Of course, if you love Monopoly, than by all means play it!  There is a saying amongst amateur astronomers, “The best telescope isn’t the one with the best optics, it’s the one you will use the most.”  The same goes for everything else in life, including the games you play.  After all, there is a reason Monopoly has been around since 1933!

It’s Your Move!

Tuesday, February 22, 2011

3rd Sunday Gaming Group – February: Modern Art

Yesterday was our monthly gaming session. As you can guess from the name of our group, we normally meet the third Sunday of every month. In all, we played three games of three different titles for a total of nine games: No Thanks!, Pandemic and Modern Art. I only remember who won Pandemic; the game won two of three. Pandemic is the big brother to Forbidden Island; both are designed by Matt Leacock. They are both cooperative games and share some mechanics, though they have different storylines and feel differently. (At some point I will review Pandemic, though there are lots of reviews available on the web if you are really curious now.) No Thanks! I have previously discussed.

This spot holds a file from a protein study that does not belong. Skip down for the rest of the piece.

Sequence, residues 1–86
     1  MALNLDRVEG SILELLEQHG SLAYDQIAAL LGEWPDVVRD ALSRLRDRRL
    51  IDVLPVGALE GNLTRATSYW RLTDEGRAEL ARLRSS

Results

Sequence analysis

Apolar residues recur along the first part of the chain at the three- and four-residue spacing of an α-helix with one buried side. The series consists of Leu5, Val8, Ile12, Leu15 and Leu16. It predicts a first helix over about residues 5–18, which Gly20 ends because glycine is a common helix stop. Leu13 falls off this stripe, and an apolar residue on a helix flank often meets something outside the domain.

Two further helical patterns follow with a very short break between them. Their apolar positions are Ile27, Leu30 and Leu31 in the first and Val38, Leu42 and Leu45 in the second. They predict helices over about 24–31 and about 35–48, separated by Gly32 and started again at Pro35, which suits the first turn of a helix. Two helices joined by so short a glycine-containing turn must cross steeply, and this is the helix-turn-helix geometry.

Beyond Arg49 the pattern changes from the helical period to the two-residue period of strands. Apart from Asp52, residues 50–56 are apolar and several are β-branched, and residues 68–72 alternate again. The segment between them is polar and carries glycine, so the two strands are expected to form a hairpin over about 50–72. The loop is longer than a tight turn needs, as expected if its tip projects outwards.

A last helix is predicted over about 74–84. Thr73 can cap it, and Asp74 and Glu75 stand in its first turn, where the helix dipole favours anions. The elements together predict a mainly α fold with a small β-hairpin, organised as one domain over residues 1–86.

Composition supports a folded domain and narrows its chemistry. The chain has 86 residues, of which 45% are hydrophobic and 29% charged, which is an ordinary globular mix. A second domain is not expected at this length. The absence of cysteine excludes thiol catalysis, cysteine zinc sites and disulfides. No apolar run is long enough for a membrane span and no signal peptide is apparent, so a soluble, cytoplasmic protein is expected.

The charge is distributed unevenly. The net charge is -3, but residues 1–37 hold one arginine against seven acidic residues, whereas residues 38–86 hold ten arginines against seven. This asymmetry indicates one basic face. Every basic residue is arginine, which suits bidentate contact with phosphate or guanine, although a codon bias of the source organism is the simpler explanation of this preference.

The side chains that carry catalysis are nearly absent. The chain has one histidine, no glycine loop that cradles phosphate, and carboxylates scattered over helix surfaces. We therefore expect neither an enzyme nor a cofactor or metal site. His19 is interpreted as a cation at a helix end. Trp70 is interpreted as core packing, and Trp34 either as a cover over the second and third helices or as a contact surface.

Since there were only four of us, we were able to try something new to us: Modern Art. Players are art dealers who buy paintings from each other through different types of auctions. Each round, or “auction season”, will see four paintings from five artists auctioned. When the fifth painting hits goes to auction, the season is over. Those paintings are then sold back to the bank for money. After four auction seasons, the game is over, and the person with the most money wins.
Of course, we played it wrong the first two times, missing a small rule with a big impact. In fact, there aren’t really any complicated rules in this game. (I was reading too fast.) Each player has a hand of cards with paintings and the associated type of auction on them. The first player selects a painting to sell, and everyone, including the seller, generally has a chance to buy. The next player offers a painting, and the game continues. When the fifth painting hits the table, it is discarded and the season ends.